Investing in fast-growing countries may seem like a slam dunk. But there’s another unforeseen risk that can roil returns: foreign currency risk.
These gyrations can quickly wipe out any portfolio gains.
How does this happen? U.S. investors plunking down money overseas make bets on both a stock or bond and a currency. A falling dollar means gains for investors. But when the dollar rises against a currency, returns can rapidly fade.
Here’s how it works. Say you hold European stocks priced in euros. You are making two bets — on the rise or fall in the price of the stock and the value of the euro. There is a boost in returns when the dollar falls against a foreign currency. But in another scenario, if a European stock rises, say, 10 percent and the euro dips 10 percent against the dollar, your gains are wiped out.
Wild currency fluctuations can set your portfolio back considerably.
“Investors aren’t as concerned about currency risk as they should be,” says Andrew Carrillo, president and CEO of Barnett Capital Advisors in Miami. “They need to understand risk and how exposed they are.”
There is support for Carrillo’s statement. Blackman Wealth Services, which made a calculation of return and the impact of currency on it for an Oct. 27, 2013, investing blog, showed that wide currency fluctuations can boost or, conversely, eat up portfolio returns over long time spans.
Blackman looked at the Morgan Stanley Capital International Europe, Australasia and Far East Index. From July 1995 to March 2002, total currency impact due to a rising dollar was a negative 57.3 percent. From April 2002 to December 2011, the impact due to a falling dollar was a positive 54.4 percent.
All this is important because U.S. investments overseas are destined to become even more alluring. Emerging markets now make up 40 percent of the world’s gross domestic product versus 18 percent two decades ago, according to Bloomberg News. Long-term forecasts predict that this slice will increase to 60 percent by 2030. So, foreign stocks are sure to grab even more investor attention.
Follow these four rules so you don’t get sideswiped by foreign currency risk.
High debt usually precedes high inflation, Carrillo says. And when inflation kicks in, currencies usually fall as confidence in them declines. However, countries with low debt to GDP have rising currencies, which can be profitable for U.S. investors.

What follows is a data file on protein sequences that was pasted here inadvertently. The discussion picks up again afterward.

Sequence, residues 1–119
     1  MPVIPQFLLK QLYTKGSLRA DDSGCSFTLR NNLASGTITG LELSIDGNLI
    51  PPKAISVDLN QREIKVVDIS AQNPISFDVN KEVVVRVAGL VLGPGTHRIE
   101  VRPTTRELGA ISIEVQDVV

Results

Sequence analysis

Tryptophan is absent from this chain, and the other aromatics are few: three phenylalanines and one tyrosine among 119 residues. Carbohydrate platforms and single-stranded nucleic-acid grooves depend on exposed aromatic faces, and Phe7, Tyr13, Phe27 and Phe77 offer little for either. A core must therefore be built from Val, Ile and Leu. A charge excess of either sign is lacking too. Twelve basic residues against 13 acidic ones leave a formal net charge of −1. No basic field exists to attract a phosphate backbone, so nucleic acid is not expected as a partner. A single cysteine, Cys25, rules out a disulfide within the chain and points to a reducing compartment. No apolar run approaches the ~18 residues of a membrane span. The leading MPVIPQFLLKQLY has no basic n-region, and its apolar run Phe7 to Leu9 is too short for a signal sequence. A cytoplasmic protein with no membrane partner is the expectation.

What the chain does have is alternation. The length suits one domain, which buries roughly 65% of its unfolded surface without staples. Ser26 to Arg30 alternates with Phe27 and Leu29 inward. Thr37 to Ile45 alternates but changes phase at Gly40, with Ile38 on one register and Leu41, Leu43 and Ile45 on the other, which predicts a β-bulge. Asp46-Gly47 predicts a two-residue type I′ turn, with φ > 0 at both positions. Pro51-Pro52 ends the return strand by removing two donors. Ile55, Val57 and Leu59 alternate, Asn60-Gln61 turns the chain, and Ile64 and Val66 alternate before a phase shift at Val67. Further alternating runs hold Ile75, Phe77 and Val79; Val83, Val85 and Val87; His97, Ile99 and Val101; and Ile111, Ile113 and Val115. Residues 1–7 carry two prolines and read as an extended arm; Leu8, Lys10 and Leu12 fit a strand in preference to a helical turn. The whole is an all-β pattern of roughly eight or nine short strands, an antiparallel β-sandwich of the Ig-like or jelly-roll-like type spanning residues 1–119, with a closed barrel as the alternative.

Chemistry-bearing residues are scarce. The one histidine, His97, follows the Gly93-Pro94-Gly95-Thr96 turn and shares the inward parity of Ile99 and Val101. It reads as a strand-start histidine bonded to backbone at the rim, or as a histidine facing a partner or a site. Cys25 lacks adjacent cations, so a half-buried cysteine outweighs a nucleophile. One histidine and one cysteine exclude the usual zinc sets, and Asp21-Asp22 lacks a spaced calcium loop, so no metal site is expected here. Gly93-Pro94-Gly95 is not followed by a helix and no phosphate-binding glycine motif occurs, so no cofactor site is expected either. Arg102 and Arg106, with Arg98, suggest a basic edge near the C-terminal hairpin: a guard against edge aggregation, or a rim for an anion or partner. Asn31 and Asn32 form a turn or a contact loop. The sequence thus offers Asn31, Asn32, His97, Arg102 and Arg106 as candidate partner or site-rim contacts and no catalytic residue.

“Make sure you pick an economically sound country and stick with it,” Carrillo says. “If there’s a big devaluation in the dollar, foreign stocks will also do well.”
Bonds are especially vulnerable to currency fluctuations, since they have lower gains to offset currency losses.
“When investing in a foreign bond index, currency fluctuations can be plus or minus 10 percent,” says Ed Boyle, senior portfolio manager for American Century Investments in New York City. “These changes are double what a bond may return.” To be sure, however, there’s less effect on equities since they can have higher returns.
Scott Stratton, president of Good Life Wealth Management LLC, agrees. Currency fluctuations have a much greater impact on foreign bonds than changes in the bonds’ prices, he says. Historically, most foreign-country bonds were issued in dollar valuations, Stratton says. Today, many are issued in local currencies. Still, investors can find bonds issued in dollars, and that can be a more stable investment.
The best way to protect your foreign returns is to invest in mutual funds or exchange-traded funds that are hedged, says Boyle. These funds usually use sophisticated investments like futures and options to hedge the currency risk of a bond or equity, and reduce losses.
Many new ETFs that hedge currencies have been introduced within the past year, says Neena Mishra, director of ETF research at Zacks Investment Research. Now, currency-hedged ETFs are available in almost any region of the world, including emerging markets, Germany and Japan. For example, the WisdomTree Japan Hedged Equity Fund hedges currency fluctuations between the dollar and the Japanese yen.
Currency-hedged ETFs can cut into returns while also lowering your losses, Mishra says. “They are slightly more expensive than non-hedged ETFs,” she says. “On the upside, currency-hedged ETFs are less volatile than ones that do not hedge. So, it’s one of the most important ways to protect yourself from losses.”
If you have lots of investments in foreign securities, make sure you have investments in a basket of regions, rather than in just one region, Boyle says. “So if you have lots of exposure in Europe, that can be a bad thing,” he says. “Instead, diversify across different geographic regions.”
Mishra says another option is to invest in regions where the currency is pegged to the dollar. For example, several Middle Eastern countries, including Lebanon and Saudi Arabia, peg their pounds and riyals to the dollar. Conversely, several African countries, such as Senegal and Cameroon, peg their currencies to euros. “That’s another way to diversify holdings,” she says.
Generally, Boyle says currency volatility is at an all-time low for developed countries, despite rising geopolitical risks, and the dollar is still the world’s safe-haven currency. “So if there’s trouble overseas, the dollar will appreciate,” he says.
Lastly, don’t put all your assets in foreign markets. The limit should be 25 percent of portfolio assets, Carillo says. “And understand your currency risk,” he says.